Vyasa’s epic, had this take on Kalyug: she felt it played like a sort of home video where a viewer has all the relevant information beforehand about the people, and then indolently watches their little dramas play out. Interestingly, in the film itself, there’s a scene where the characters sit together watching a video of themselves at a wedding function. Vanraj Bhatia’s stirring music score aside, I’m not sure that Kalyug on the whole is much more interesting than that footage.

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Update: a follow-up conversation with my erudite friend/fellow Mahabharata nut Karthika Nair helped me articulate another reason why Kalyug didn't work for me this time: the best Benegal films, including the ones that are more "art-house", like Suraj ka Saatvan Ghoda or Mammo, are very far from the art-cinema cliche of the "boring", "educative" movie; they are kinetic and have a sense of style, they do interesting things visually (look at Nihalani's cinematography in Bhumika, and how it uses four  different types of film stock to capture different periods in the protagonist Usha's life). Whereas this film, for all its glamorous, "commercial" trappings, is formally static, and content to rest on the Mahabharata references.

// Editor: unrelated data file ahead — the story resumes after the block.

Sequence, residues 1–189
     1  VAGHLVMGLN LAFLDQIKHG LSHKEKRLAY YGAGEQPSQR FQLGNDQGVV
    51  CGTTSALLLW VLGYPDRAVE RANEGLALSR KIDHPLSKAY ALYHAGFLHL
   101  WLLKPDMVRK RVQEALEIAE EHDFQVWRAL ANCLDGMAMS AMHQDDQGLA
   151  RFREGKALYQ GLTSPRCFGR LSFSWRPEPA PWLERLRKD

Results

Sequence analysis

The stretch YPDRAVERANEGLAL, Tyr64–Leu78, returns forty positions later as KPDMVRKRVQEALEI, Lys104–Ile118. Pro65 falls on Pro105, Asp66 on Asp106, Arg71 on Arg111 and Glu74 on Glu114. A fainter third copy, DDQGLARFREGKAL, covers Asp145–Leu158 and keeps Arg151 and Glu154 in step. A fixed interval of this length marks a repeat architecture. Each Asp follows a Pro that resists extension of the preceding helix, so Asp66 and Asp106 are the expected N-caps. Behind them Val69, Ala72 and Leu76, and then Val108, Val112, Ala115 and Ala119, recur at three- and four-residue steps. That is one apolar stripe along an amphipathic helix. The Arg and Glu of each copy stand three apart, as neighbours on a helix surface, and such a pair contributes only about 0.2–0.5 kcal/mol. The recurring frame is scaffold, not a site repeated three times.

[Two old posts about Benegal films I like very much: Trikaal and Charandas Chor. And this one on Junoon, written back when I was trying to sound more knowledgeable about Benegal than I actually was, and which I should probably watch again some time]

9 comments:

  1. Very interesting topic. I felt the same while watching Kalyug the second time (when I was older) and had fun connection the dots.
    I had completely opposite experience while watching Nihlani's Party. It is one of my all time favourites but it was much later, when I was reading War and Peace, that I realized striking similarities between Party and initial scene of the book. Many parallel characters can be identified.
    Have not read Elkunchwar's play so don't know how much that differs.

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    1. Wow, I really should read War and Peace - at least the initial bits.
      The film follows Elkunchwar's play quite closely, from what I remember - maybe a couple of characters taken out, or combined into a single new character. Should read the play again.